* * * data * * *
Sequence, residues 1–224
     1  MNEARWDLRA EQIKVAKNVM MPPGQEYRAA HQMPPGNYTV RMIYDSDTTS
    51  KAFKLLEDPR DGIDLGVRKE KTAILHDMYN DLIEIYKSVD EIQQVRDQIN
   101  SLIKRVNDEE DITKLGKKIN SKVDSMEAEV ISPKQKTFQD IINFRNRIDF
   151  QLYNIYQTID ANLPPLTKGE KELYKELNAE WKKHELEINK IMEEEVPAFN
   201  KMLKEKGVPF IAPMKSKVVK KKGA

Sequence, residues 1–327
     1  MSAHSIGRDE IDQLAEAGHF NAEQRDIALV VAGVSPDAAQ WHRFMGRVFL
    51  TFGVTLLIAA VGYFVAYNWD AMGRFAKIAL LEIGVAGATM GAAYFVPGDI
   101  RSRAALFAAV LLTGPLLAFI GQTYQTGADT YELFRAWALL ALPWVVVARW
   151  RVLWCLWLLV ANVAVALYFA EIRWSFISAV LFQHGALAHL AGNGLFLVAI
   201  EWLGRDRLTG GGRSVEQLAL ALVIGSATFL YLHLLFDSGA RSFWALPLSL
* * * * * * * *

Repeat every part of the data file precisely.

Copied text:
Sequence, residues 1–224
     1  MNEARWDLRA EQIKVAKNVM MPPGQEYRAA HQMPPGNYTV RMIYDSDTTS
    51  KAFKLLEDPR DGIDLGVRKE KTAILHDMYN DLIEIYKSVD EIQQVRDQIN
   101  SLIKRVNDEE DITKLGKKIN SKVDSMEAEV ISPKQKTFQD IINFRNRIDF
   151  QLYNIYQTID ANLPPLTKGE KELYKELNAE WKKHELEINK IMEEEVPAFN
   201  KMLKEKGVPF IAPMKSKVVK KKGA

Sequence, residues 1–327
     1  MSAHSIGRDE IDQLAEAGHF NAEQRDIALV VAGVSPDAAQ WHRFMGRVFL
    51  TFGVTLLIAA VGYFVAYNWD AMGRFAKIAL LEIGVAGATM GAAYFVPGDI
   101  RSRAALFAAV LLTGPLLAFI GQTYQTGADT YELFRAWALL ALPWVVVARW
   151  RVLWCLWLLV ANVAVALYFA EIRWSFISAV LFQHGALAHL AGNGLFLVAI
   201  EWLGRDRLTG GGRSVEQLAL ALVIGSATFL YLHLLFDSGA RSFWALPLSL